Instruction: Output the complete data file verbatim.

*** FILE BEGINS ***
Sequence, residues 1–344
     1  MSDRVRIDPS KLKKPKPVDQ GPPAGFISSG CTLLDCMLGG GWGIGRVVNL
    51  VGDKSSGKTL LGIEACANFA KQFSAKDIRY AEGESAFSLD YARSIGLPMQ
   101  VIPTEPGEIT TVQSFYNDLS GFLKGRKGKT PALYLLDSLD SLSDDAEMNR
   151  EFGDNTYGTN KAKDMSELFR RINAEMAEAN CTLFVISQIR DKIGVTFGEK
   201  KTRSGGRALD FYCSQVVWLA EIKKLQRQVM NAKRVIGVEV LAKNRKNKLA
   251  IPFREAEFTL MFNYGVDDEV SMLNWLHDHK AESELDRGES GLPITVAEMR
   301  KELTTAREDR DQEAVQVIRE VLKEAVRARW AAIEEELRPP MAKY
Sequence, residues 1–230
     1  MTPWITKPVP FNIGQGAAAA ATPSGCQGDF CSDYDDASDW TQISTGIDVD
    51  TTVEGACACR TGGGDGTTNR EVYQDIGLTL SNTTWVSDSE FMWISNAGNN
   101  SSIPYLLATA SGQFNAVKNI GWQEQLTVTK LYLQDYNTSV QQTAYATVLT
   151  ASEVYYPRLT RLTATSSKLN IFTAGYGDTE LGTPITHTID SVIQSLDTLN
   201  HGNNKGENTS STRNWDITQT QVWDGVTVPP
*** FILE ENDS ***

Sequence, residues 1–344
     1  MSDRVRIDPS KLKKPKPVDQ GPPAGFISSG CTLLDCMLGG GWGIGRVVNL
    51  VGDKSSGKTL LGIEACANFA KQFSAKDIRY AEGESAFSLD YARSIGLPMQ
   101  VIPTEPGEIT TVQSFYNDLS GFLKGRKGKT PALYLLDSLD SLSDDAEMNR
   151  EFGDNTYGTN KAKDMSELFR RINAEMAEAN CTLFVISQIR DKIGVTFGEK
   201  KTRSGGRALD FYCSQVVWLA EIKKLQRQVM NAKRVIGVEV LAKNRKNKLA
   251  IPFREAEFTL MFNYGVDDEV SMLNWLHDHK AESELDRGES GLPITVAEMR
   301  KELTTAREDR DQEAVQVIRE VLKEAVRARW AAIEEELRPP MAKY
Sequence, residues 1–230
     1  MTPWITKPVP FNIGQGAAAA ATPSGCQGDF CSDYDDASDW TQISTGIDVD
    51  TTVEGACACR TGGGDGTTNR EVYQDIGLTL SNTTWVSDSE FMWISNAGNN
   101  SSIPYLLATA SGQFNAVKNI GWQEQLTVTK LYLQDYNTSV QQTAYATVLT
   151  ASEVYYPRLT RLTATSSKLN IFTAGYGDTE LGTPITHTID SVIQSLDTLN
   201  HGNNKGENTS STRNWDITQT QVWDGVTVPP